Spokane North Notes
A weekly bulletin of the Spokane-North Rotary Club
June 6, 2016
Editors: Chuck Rehberg and Sandy Fink
Photo: Eric Johnson
Program Coordinator: Brad Stark
Fund drive a huge success!
          The numbers tell an amazing story: fund-drive coordinator Jodi Harland announced that the campaign for needy school children at Holmes Elementary had raised gross receipts totaling $24,445.  Restaurant fees still remain to be paid.
          While members and guests at the June 6 luncheon toasted the success with flutes of pomegranate and peach refreshers, assistant district governor Jim Schindler, a member of Aurora Northwest, said simply: “That’s a BIG number for 30
          Club President Lenore Romney singled out for special praise key fund raisers Jodi Harland, Melinda Keberle, Nancy Hanson and Robbie Jackson.  Lenore added proudly: “and every member in the club contributed to the effort.”
Harland said the Mexican-themed dinner June 2 at The Backyard brought in nearly $10,000.  Four teams of club members were tasked with producing eight gift baskets, but 22 silent auction items were up for bid.  Two Mexican vacation trips yielded another $1,000 and the popular “heads or tails” game was another good money maker.  Bruce Ellwein’s band provided terrific music during the dinner and emcee Bill Simer smoothly handled the auction bidding and “calls for the cause.”
          Save the date:  In a special program June 20, the last luncheon program of the Rotary year, the Gerald Saling Memorial Scholarships will be presented and a past scholarship winner is scheduled to speak.  Our Rotary year concludes
Tuesday, June 28, with the board installation dinner at the Kalispel Golf and Country Club (formerly the Spokane Country Club).
Election 2016 instructions: Hold nose, cast vote
          In his 40 years at GU, political science professor Blaine Garvin has seen a wide variety of presidential election campaign strategies, debates, shenanigans and heartfelt messages.
          “Talking about a presidential election,” Garvin told the club June 6, “is like saying how pleasant a train wreck was. “  Mixing metaphors, Garvin added, “it’s like being at sea on choppy waters…with no safe harbor in sight.”
          He has watched somewhat puzzling dynamics, to wit: “In the last election African Americans voted at a higher percentage than whites,” and, “if only women voted, Democrats would almost always win.”
          But nothing compares with this year’s race.
          “With Donald and Hilary, in November millions will vote for someone they don’t like versus someone they really hate,” Garvin said.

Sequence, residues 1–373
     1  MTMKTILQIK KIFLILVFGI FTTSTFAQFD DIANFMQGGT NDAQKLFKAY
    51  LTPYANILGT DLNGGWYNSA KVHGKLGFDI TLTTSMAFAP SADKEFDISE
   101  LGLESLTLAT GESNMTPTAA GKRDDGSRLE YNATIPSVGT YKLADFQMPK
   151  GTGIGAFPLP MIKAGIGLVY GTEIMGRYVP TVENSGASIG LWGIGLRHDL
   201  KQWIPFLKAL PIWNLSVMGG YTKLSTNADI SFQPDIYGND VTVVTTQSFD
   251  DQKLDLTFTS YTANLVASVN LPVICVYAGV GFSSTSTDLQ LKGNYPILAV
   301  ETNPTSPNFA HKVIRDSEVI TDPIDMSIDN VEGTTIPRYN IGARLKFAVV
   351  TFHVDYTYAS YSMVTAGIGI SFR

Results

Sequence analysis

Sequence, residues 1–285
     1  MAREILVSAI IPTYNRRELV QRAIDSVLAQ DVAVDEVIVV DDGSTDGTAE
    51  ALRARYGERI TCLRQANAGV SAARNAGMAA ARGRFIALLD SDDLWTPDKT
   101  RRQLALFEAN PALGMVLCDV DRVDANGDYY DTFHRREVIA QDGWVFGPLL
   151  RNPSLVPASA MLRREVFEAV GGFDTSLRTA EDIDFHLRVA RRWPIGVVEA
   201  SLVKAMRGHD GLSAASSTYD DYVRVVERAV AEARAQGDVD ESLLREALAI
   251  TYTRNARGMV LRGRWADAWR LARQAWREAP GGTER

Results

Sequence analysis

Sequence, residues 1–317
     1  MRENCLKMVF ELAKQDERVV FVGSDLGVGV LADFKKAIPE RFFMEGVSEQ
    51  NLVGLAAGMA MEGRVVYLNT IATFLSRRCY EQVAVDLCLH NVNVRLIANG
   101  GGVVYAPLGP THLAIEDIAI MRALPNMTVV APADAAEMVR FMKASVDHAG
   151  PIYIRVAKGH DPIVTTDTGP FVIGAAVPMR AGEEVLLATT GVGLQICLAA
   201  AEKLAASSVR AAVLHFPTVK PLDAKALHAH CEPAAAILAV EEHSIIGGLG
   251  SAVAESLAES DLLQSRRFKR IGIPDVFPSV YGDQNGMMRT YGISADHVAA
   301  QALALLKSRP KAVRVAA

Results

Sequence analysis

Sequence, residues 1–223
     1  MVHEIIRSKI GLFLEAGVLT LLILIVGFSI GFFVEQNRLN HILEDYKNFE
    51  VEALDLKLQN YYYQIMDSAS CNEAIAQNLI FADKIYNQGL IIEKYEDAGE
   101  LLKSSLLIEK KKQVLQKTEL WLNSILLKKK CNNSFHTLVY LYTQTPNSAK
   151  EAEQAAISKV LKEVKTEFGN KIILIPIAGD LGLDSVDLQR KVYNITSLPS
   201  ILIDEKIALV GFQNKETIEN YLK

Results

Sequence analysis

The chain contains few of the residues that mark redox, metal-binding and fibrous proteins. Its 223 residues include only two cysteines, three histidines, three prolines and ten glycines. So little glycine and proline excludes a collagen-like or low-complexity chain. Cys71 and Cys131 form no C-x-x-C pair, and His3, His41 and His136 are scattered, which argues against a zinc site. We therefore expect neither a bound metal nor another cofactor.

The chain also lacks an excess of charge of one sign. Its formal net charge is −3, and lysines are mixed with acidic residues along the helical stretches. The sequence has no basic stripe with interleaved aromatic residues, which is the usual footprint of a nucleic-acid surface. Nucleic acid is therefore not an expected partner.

Not mincing words, he added: “Trump is a whole lot worse than Hilary.  He would be the most dangerous, least qualified person ever to have that office.
          He adds: “And most Republicans in Congress would agree.  They are deciding now whether it’s better to endorse their party’s candidate, or sit it out.  The only positive thing for them, is that he’s better than (Sen. Ted) Cruz, whose colleagues really hate him.”
          Democrats don’t fare much better in Garvin’s analysis.  He said, “Hilary is not beloved.  She is qualified for the presidency – more than anyone in a long time.  Young people flocked to (Sen. Bernie) Sanders, even if they didn’t know him a year ago. 
          They like his anti-establishment tone and his criticism of corporate America,” he said, even if there is no chance many of his proposals (including free college and national health care) could become law.
          Garvin sees no chance for either presumptive nominee to be successfully challenged at the party conventions and said it’s too late for a “viable” third party candidate.
          Garvin cited three turning points in “how we got to where we are and how imbecilic our government has become.”
          Three dates to remember, he said are:
               1964.  When Lyndon Johnson signed the Civil Rights Act black voter support for Democrats went from 2-1 to 10-1, but most southern white voters switched to the Republican party.  And, moderate Republicans, like Dan Evans, a Washington governor and senator, were replaced by conservatives.
               1968.  The tumultuous Chicago Democratic convention turned Mayor Richard Daley’s iron-fisted rule into a police riot, fueled by anti-Vietnam War sentiment.  As a result, nominating rules were changed shifting control from party bosses to voters in state primaries and caucuses.  Since many state legislatures were Democratic-controlled, the Republicans went along with the changes.  And enough voters wanted Donald Trump to stand up to the inefficient political system, whether the party leaders
want him or not.
               1973.  The Supreme Court decision on Roe v. Wade.  Designed to protect doctors who perform abortions – not the abortions themselves – the ruling became “a wedge issue which opened the door for other issues.  And now each party demonizes the other.  The political center is disappearing and winning elections is more important than ideology.”
          Garvin added: “They really are warring camps.  But maybe it’s a comfort, not a curse, that government can’t do anything.”